The present study paints an interesting picture of the psychological problems affecting patients evaluated for lung transplantation at a single center. Organ transplantation, especially lung transplantation, involves an arduous process, with difficult steps presenting many psychological challenges, and these difficulties persist throughout the life of the recipient.(9,10) Therefore, patients should be emotionally stable and capable of dealing with individual frustrations, and the preoperative psychological evaluation should be able to identify those who are not prepared for the surgery, preventing them from undergoing a potentially harmful and unsuccessful procedure. However, because of their desire to gain acceptance from the transplant team, some patients might be guarded or could minimize their concerns.(3) The psychological evaluation should therefore be aimed at establishing empathy, providing patients the opportunity to share their concerns with a trained professional, and should be able to identify modifiable issues or absolute contraindications in this group of individuals.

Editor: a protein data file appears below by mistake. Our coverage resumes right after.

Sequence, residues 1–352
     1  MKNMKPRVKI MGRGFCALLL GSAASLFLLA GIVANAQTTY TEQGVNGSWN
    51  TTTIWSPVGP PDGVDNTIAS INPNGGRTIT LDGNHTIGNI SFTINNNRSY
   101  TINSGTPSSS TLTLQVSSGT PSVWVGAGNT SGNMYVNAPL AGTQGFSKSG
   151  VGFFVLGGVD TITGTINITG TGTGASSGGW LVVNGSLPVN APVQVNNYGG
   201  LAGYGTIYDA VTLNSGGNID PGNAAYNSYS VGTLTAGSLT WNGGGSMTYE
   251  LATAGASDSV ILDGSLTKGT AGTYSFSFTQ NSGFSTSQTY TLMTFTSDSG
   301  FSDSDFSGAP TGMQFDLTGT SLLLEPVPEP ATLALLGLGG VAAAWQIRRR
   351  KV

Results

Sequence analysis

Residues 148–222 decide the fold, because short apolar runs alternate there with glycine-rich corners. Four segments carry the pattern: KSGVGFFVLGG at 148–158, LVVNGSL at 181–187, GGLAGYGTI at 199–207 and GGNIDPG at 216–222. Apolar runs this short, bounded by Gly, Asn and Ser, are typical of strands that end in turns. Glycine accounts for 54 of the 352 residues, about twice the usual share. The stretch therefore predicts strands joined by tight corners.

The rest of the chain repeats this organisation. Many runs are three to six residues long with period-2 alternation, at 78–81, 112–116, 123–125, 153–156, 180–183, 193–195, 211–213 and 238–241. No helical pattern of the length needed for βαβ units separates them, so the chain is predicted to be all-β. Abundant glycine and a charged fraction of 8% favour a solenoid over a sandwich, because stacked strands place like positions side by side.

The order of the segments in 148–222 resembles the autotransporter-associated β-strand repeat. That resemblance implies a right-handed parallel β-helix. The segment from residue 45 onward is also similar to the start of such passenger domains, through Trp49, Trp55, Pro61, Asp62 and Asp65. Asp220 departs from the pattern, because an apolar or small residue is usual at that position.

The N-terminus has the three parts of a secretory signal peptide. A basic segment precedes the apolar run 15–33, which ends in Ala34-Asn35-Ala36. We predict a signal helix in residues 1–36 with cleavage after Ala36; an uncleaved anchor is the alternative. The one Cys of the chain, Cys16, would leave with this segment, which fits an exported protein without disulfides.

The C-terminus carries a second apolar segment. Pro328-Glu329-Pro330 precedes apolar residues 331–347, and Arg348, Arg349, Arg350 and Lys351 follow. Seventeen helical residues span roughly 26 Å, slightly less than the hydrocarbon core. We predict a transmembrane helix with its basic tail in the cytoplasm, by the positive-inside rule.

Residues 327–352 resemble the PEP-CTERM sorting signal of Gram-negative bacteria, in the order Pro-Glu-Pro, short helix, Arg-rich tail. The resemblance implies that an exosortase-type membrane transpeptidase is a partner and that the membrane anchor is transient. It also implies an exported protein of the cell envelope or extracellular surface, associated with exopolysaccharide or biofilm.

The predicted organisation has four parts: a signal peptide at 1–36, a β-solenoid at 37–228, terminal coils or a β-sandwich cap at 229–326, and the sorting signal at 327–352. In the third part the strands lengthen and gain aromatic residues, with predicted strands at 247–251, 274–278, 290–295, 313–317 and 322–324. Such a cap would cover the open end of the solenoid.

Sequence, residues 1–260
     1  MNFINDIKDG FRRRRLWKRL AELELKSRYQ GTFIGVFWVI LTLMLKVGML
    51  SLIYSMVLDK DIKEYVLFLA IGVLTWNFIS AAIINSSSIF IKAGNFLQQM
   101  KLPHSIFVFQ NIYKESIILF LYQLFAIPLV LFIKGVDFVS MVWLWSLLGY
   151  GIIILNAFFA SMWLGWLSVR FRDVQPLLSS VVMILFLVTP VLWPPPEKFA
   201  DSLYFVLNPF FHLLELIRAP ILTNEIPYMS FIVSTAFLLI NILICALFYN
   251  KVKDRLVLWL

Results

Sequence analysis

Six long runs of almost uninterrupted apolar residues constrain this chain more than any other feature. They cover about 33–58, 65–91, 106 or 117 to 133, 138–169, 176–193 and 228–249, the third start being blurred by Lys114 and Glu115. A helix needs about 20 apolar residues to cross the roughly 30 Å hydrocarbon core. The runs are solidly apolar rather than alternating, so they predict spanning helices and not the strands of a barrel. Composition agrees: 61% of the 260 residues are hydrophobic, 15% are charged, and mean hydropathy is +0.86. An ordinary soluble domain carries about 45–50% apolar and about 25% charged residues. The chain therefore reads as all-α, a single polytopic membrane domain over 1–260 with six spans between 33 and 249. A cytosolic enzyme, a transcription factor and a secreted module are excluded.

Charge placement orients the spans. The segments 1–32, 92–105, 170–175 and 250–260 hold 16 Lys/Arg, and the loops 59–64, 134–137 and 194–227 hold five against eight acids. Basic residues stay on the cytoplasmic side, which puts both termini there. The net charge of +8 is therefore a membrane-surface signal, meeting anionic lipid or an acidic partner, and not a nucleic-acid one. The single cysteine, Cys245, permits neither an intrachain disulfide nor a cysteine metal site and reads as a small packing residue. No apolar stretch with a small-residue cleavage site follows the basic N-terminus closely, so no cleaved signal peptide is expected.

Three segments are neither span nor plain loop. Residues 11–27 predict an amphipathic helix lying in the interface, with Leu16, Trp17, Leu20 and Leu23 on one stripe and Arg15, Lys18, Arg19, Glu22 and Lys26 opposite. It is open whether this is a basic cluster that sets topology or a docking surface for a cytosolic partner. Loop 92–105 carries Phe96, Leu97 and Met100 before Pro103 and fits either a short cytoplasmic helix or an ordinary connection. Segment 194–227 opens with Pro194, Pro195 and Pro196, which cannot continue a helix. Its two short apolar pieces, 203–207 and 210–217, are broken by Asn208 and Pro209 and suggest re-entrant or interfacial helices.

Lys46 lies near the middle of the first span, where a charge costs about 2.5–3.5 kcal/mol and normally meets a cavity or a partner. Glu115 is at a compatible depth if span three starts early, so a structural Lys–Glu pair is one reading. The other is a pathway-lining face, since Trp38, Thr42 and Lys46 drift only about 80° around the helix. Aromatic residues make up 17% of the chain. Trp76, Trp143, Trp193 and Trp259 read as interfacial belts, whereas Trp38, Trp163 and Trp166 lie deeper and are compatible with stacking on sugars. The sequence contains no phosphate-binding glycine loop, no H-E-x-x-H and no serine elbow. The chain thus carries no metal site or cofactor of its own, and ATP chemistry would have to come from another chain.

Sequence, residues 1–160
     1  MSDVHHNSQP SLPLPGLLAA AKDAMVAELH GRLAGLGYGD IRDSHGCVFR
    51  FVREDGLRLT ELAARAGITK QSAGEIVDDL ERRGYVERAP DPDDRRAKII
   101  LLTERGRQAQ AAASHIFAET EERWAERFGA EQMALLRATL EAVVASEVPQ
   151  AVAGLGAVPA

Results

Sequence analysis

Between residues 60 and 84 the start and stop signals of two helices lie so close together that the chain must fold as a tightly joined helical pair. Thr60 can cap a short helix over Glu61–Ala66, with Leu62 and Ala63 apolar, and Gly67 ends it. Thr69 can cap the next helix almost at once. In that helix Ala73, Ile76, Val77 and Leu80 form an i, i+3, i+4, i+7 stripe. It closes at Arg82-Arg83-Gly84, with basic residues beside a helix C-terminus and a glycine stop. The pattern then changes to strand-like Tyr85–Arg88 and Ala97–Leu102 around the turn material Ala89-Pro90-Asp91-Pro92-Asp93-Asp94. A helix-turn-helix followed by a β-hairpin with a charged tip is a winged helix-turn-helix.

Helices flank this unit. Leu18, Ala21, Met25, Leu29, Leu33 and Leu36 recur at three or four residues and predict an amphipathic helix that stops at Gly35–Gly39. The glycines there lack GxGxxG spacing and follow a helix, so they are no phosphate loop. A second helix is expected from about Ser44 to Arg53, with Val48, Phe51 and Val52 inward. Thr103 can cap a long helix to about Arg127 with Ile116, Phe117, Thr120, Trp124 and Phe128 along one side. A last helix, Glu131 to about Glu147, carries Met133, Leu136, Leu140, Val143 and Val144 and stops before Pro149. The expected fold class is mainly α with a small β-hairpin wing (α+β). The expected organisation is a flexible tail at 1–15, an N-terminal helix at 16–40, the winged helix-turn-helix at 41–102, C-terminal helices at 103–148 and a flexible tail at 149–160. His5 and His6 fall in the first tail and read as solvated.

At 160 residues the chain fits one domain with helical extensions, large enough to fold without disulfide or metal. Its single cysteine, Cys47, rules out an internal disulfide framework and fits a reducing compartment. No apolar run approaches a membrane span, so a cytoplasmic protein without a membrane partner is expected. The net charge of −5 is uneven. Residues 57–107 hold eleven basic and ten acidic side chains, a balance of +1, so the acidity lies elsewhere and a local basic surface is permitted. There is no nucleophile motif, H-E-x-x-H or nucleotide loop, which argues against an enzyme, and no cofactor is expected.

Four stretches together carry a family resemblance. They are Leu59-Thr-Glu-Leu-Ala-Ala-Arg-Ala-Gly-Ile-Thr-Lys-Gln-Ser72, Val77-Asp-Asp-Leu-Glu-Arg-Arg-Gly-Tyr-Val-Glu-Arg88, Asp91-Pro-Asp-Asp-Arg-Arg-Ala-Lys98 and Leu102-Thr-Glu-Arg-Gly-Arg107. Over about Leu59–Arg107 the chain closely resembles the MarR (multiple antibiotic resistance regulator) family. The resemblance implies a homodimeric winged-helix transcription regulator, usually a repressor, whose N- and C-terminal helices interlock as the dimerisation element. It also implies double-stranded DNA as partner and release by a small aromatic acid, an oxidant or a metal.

For the transplant recipient, relief from the suffering associated with a chronic, incapacitating lung disease comes at a price-the trials of adhering to a long-term treatment regimen(6)-and psychological stability is essential to meeting that challenge. It is essential that patients recognize and consider these issues prior to transplantation, because comorbid psychological disorders, such as anxiety and depression, are associated with poor health practices throughout the transplant process and unfavorable post-transplant outcomes. After transplantation, psychosocial concerns tend to revolve around readjustment to a new lifestyle, which should also be a matter of great concern to the health care team. Therefore, lung transplantation presents psychologists with many features for assessment and intervention. Consequently, psychologists are fundamental members of the multidisciplinary team and are indispensable in the preoperative evaluation of lung transplant candidates, because certain psychosocial factors can be used in order to identify patients who should not undergo the procedure. Concerns such as unhealthy lifestyle behaviors, nonadherence to treatment, and the lack of a reliable caregiver (all of which were observed in our study population) are significant risk factors for poor post-transplant outcomes and must be addressed before a patient can be placed on the transplant waiting list.(3) It is of note that having an inappropriate caregiver is a special concern at our facility. Our task is to identify such problems and avoid submitting high-risk patients to the surgical procedure, thus allowing us to ensure that the patients selected are those most likely to reap the full benefits of lung transplantation. We should attempt to help patients with psychological issues resolve those issues and eventually meet the criteria for inclusion on the waiting list.